Creative jaywalking

My new IBM office is in a building near the intersection of Six Forks Road and Millbrook Avenue in northern Raleigh. Unlike the other IBM sites where I’ve worked, this one has no cafeteria — but that’s not really a problem, because there are plenty of restaurants and fast-food places nearby. In fact, some are within walking distance. A shopping center at this intersection includes a KFC/Taco Bell hybrid, a Subway, a Chinese place, and a restaurant called the Bull and Bear. (What kind of restaurant is it? A dismal one, apparently.)
Although it’s not far away, the shopping center is diagonally opposite the IBM site, requiring me to cross both streets in order to get there. Both crosswalks are equipped with WALK/DON’T WALK signal lights and push-to-walk buttons. After having made use of these crosswalks several times, I have learned something interesting: the signal light for crossing Six Forks Road always says DON’T WALK. I’m not exaggerating — you can stand there as long as you like, but WALK never appears. (Needless to say, pressing the P-T-W button has no effect.) The simplest explanation is that the crossing signal is broken, but I have another theory. I believe that the city’s traffic engineers studied the intersection and concluded that it is never safe to cross Six Forks on foot, so they installed a signal that won’t let you try it.
Of course I don’t let that stop me. Six Forks may be too dangerous for ordinary pedestrians, but I went to the University of South Carolina, where you either learn to dodge cars or you don’t live to graduate. USC’s main campus is located in the middle of downtown Columbia, and a major thoroughfare (Greene Street) runs right through the middle of the campus. This is by design, I’m sure — the university’s founders believed that natural selection should be a part of the curriculum. That also explains the Horseshoe, a large grassy rectangle dotted with trees and crisscrossed by brick walkways. There is no vehicular traffic on the Shoe, but on most days there are multiple impact sprinklers in operation. To traverse one of those brick walkways without getting wet, you must observe the timing of the sprinklers and then carefully choose the correct walking speed and moment of departure. It’s kind of like a live-action version of Pac-Man, and it helps you develop the skills you need to cross Greene Street.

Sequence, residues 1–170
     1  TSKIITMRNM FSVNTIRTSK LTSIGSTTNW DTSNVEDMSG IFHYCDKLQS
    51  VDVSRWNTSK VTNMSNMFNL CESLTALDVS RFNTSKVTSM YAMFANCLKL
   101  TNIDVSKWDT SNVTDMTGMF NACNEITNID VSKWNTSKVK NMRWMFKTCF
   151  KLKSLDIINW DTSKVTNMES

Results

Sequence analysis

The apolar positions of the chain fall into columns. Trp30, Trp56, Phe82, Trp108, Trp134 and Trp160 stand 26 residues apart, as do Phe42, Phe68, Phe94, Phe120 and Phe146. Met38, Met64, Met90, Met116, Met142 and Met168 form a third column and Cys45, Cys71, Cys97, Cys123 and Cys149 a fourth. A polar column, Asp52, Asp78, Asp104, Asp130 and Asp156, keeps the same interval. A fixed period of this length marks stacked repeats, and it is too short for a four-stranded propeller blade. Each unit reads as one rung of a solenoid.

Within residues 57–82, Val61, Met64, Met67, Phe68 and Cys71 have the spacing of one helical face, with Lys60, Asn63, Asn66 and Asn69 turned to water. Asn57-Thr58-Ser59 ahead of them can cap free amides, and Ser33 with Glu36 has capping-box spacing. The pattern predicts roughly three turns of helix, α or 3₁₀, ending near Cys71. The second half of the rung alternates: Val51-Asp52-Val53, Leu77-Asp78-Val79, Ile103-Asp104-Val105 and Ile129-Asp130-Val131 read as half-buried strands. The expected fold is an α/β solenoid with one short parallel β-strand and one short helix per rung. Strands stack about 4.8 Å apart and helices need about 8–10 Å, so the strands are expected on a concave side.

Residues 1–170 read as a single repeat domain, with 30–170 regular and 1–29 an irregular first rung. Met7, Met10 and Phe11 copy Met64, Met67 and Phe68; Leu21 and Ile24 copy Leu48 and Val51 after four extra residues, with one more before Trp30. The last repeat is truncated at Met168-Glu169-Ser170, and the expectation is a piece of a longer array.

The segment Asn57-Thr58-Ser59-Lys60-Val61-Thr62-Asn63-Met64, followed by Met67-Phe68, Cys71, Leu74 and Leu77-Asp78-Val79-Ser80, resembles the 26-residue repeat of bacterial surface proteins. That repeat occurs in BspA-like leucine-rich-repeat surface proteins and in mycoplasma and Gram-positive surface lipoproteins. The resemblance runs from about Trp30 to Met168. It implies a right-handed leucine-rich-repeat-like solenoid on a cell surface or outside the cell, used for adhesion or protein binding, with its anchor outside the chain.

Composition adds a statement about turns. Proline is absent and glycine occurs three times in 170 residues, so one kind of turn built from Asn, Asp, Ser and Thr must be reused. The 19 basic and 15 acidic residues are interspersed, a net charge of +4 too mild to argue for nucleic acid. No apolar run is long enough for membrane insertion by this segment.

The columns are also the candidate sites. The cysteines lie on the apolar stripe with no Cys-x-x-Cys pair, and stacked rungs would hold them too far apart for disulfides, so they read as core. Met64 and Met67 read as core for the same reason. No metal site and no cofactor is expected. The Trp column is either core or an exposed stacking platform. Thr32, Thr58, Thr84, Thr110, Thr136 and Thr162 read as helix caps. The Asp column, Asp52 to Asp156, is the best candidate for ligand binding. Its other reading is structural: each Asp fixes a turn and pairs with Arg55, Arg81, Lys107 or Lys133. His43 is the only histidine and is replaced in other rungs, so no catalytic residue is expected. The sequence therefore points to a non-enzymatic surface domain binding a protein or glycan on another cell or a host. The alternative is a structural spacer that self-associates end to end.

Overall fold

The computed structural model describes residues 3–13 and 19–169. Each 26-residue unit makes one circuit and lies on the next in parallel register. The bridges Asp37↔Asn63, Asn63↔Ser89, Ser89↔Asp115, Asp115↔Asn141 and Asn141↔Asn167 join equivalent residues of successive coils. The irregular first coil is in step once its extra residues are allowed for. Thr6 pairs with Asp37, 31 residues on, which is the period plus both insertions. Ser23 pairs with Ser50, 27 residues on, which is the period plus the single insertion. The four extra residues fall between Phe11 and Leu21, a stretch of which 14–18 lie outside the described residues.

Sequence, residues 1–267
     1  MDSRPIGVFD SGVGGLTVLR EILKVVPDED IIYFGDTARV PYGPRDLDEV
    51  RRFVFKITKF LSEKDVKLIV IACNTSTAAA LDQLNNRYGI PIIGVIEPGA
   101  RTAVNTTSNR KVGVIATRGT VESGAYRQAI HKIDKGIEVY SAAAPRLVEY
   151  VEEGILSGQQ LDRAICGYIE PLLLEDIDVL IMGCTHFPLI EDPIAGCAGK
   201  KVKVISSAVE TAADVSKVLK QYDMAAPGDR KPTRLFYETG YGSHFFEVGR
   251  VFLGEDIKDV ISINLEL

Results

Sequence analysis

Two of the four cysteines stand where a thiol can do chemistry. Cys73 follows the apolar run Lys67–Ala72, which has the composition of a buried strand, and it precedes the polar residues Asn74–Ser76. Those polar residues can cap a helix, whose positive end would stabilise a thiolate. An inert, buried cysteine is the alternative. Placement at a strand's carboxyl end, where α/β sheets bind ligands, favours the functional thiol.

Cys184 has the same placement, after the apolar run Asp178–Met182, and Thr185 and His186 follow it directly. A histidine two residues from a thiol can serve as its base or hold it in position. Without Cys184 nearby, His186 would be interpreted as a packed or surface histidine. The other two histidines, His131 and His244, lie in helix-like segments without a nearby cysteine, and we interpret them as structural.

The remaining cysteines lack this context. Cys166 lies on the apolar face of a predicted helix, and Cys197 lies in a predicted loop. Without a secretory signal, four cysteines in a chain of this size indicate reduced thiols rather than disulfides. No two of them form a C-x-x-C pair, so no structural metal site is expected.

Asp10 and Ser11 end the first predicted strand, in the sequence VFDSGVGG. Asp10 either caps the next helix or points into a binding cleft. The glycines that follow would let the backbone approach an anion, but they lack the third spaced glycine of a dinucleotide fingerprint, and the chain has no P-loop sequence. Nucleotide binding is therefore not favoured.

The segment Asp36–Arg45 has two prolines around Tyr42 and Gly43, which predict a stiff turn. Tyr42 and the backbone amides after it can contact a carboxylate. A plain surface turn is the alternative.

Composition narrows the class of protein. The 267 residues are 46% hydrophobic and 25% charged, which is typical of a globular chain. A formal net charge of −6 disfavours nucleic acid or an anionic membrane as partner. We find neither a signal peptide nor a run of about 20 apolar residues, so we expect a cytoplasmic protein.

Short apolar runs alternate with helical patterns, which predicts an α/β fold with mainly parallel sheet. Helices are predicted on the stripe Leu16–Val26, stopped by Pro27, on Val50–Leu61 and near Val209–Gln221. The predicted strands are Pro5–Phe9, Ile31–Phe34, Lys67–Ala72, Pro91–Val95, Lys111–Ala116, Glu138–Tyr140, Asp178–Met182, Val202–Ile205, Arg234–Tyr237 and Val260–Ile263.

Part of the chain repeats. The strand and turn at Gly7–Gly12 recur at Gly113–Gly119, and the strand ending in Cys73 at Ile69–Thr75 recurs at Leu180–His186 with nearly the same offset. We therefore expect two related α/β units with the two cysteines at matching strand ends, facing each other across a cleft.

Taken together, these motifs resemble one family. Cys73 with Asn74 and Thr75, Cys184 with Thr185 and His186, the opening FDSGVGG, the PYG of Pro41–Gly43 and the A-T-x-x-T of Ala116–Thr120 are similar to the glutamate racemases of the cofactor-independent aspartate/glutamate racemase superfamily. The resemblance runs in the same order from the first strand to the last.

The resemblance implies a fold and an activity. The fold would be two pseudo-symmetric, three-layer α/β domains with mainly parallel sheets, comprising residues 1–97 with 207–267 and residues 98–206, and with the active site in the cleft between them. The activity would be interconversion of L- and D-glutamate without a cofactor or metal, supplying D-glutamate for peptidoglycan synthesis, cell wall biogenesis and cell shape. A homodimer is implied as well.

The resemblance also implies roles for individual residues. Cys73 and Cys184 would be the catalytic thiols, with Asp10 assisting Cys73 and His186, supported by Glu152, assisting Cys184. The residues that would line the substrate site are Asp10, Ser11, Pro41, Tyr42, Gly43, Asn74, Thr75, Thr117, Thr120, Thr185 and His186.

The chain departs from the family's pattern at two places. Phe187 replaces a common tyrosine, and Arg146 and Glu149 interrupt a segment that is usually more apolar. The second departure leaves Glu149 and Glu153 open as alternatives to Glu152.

The Horseshoe has a large squirrel population, which provides the opportunity for another entertaining pastime: Squirrel Bingo. The entire Shoe is your Bingo card, divided into triangular spaces by the walkways. The squirrels are your counters. If you can find a contiguous series of spaces, each containing at least one squirrel, that crosses the Horseshoe from side to side, you win. I lived on the Shoe for a year, and by the end of it, I could play Dodge The Sprinklers and Squirrel Bingo simultaneously. Compared to that, crossing Six Forks Road isn’t even a mild challenge.
UPDATE: Marie reminds me that Greene Street had gates that were used to close it to vehicular traffic and save students from being run over. True, but the gates were only closed during the daytime on weekdays; on evenings and weekends, it was back to Pedestrian Roulette. And in any case, the gates only protected a couple of blocks of Greene, from Sumter Street to College Street. If you wanted to walk to class from Sims (where Marie lived), or from the Presbyterian Student Center (where I lived during my senior year), you still had to dodge cars.
Marie also denies any knowledge of Squirrel Bingo, even though she worked on the Horseshoe at the South Caroliniana Library. That just proves that she was spending too much time on her job, and not enough time gazing out the window.
UPDATE: Bob reminisces about life on the Shoe.

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